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11th Jul 2022

‘This is how we ended up with Johnson’: Tory member demographics revealed ahead of key ballot

Jack Peat

Spoiler: They are predominantly male, over 50 and from the south of England… 

The demographics of Tory Party members have been revealed ahead of the upcoming crunch vote to elect the next Prime Minister of the United Kingdom.

Penny Mordaunt became the latest candidate to put her name forward on Sunday, releasing a campaign video that had to be hastily edited after several identifiable figures asked to be removed from the promotional clip.

Grant Shapps has called on voters to “Back Shapps”, while Tom Tugendhat, Nadhim Zahawi, Suella Braverman and Jeremy Hunt also put their names within the early runners and riders.

Former Chancellor Rishi Sunak is the early favourite, although his campaign has been slightly derailed after his ‘man of the people’ persona took a hit after a 2007 docu-series filmed by the BBC resurfaced.

Conservative MPs will move to whittle the list of candidates down to two people before the party’s near 200,000 members vote on who will become the next Prime Minister.

Research from Queen Mary University of London conducted ahead of the 2019 leadership contest painted a picture of which demographics make up the member’s list, and it makes for depressing reading.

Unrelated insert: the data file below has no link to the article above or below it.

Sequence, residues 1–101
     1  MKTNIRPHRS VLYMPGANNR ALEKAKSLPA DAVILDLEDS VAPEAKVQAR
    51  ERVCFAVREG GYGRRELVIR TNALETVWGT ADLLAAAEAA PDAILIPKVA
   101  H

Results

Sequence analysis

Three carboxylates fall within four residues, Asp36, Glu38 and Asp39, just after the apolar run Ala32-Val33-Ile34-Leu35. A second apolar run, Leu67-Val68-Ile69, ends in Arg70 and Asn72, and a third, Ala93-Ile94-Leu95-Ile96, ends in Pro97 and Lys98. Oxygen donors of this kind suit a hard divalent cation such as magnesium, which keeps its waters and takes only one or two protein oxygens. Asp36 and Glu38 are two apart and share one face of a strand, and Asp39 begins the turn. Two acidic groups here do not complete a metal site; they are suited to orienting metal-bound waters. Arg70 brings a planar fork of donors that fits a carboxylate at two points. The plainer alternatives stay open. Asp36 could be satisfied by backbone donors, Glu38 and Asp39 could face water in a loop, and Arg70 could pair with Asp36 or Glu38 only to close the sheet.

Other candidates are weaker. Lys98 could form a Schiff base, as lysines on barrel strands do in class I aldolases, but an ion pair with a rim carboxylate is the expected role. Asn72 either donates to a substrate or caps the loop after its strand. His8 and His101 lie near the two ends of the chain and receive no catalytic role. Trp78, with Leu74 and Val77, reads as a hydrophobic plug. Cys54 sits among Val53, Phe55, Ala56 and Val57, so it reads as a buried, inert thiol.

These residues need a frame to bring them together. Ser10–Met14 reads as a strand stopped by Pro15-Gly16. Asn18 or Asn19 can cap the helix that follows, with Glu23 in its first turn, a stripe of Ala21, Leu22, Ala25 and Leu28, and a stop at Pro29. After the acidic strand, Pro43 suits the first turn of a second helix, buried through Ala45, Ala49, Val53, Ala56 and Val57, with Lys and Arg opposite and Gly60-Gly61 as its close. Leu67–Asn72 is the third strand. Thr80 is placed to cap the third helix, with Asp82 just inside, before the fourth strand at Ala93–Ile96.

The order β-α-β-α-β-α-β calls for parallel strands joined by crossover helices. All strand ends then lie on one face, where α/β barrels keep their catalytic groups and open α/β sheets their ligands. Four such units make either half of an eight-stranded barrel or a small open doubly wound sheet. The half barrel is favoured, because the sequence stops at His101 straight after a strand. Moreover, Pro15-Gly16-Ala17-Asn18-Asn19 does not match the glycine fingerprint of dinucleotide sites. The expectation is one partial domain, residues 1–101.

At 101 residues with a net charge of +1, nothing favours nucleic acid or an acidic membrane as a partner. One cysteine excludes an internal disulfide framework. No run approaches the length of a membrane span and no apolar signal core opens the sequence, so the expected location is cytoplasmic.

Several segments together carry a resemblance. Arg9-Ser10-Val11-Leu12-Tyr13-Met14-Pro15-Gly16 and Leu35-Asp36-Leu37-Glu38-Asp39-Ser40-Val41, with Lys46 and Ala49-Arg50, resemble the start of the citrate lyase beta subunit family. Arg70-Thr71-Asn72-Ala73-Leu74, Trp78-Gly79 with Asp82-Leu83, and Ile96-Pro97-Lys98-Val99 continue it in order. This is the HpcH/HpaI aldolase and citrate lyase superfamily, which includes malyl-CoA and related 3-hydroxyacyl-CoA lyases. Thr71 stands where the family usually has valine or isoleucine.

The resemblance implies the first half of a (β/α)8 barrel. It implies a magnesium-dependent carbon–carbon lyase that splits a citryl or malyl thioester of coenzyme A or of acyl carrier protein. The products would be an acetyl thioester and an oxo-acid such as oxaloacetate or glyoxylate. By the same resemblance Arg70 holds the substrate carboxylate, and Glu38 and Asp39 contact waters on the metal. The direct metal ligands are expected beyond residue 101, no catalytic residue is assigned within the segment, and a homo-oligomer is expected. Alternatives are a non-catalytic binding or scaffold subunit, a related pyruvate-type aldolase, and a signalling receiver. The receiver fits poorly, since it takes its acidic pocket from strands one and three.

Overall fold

Around 71 per cent of members are male, the largest proportion of the three major parties, the research shows.

At 57, the Conservative membership base is also the oldest – albeit just a few years older than a Labour member – and some 54 per cent live in London or the south.

The majority of Conservative members are less liberal than other parties, according to the peer-reviewed research, which shows they believe in the death penalty, are against gay marriage and think that schools should teach children to obey authority.

Some 44 per cent agreed that censorship can help uphold moral standards.

They also strongly believe in Britain’s divorce from the European Union.

At the time of the research in the aftermath of the last election, just a quarter of members believed Britain should be part of the customs union or single market.

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